The unmap iterator unmaps all page table entries in the given range and flushed the TLB. The page table remains built within this range (identically as before) except that all ptes in the range are now NULL (not present). The page table itself can now be torn down

static inline unsigned long msync_read_iterator(struct vm_area_struct *vma,
        unsigned long addr, unsigned long end, msync_callback_t func)

msync flushes changes made to the in-core copy of a file that was mapped into memory using mmap(2) back to disk within this range.

Build Iterators


Architecture Independent Interface

The following benchmarks examine the degradation in performance of the Linux kernel on the major architectures as a result of accessing the Linux page tables through the architecture independent interface. It is critical that the page table interface minimizes degradation in performance of the Linux VM system for those architectures that will never change page tables away from the MLPT.

IA64 - running a 3 level MLPT with a standard 16K page. RAM 4G - 5 runs. Benchmark: LMbench 2.03

Processor, Processes - times in microseconds - smaller is better
                                 null     null                       open    signal   signal    fork    execve  /bin/sh
kernel                           call      I/O     stat    fstat    close   install   handle  process  process  process
-----------------------------  -------  -------  -------  -------  -------  -------  -------  -------  -------  -------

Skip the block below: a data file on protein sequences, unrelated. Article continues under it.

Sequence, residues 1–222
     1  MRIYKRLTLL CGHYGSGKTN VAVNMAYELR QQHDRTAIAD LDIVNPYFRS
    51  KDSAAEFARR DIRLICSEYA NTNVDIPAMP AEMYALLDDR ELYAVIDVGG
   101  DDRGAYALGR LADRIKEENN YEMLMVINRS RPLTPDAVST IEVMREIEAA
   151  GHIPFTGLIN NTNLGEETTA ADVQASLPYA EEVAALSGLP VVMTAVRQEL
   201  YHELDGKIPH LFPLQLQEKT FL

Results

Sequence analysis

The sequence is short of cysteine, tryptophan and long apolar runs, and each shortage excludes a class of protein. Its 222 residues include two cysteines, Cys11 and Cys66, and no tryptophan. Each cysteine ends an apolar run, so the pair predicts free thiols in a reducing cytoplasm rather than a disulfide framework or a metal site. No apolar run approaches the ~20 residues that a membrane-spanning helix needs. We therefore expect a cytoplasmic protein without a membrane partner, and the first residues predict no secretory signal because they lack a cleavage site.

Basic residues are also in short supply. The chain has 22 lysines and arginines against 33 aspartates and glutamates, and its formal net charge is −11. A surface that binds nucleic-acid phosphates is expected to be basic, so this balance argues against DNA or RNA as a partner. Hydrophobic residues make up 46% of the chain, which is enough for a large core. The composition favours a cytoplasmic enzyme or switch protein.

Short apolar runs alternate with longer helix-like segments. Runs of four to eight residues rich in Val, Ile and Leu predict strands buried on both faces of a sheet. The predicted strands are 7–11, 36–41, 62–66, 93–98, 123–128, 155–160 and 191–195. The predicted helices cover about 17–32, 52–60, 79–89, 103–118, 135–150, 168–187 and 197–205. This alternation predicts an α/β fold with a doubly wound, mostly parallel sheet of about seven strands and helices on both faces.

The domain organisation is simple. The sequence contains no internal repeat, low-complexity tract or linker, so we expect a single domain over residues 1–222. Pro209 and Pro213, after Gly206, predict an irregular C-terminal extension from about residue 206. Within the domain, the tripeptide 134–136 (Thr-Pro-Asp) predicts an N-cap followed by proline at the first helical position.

2.6.17-rc3-vanilla               0.272  0.45354    2.439    0.545    4.784    0.550    2.810    113.5    645.1   3517.9
  s.d. (5 runs)                  0.000  0.00124    0.006    0.000    0.012    0.000    0.025      0.0      6.7     15.0
2.6.17-rc3-PTI                   0.272  0.45044    2.383    0.580    4.813    0.555    2.865    118.0    667.2   3592.8
  s.d. (5 runs)                  0.000  6.51920    0.012    0.006    0.036    0.000    0.009      0.0      6.4     12.6

File create/delete and VM system latencies in microseconds - smaller is better
                          0K       0K       1K       1K       4K       4K      10K      10K     Mmap     Prot    Page
kernel                  Create   Delete   Create   Delete   Create   Delete   Create   Delete   Latency  Fault   Fault
----------------------- -------  -------  -------  -------  -------  -------  -------  -------  -------  ------  ------
2.6.17-rc3-vanilla        47.69    20.80    72.55    36.24    75.58    36.41    99.08    39.34   4183.2   1.327    1.00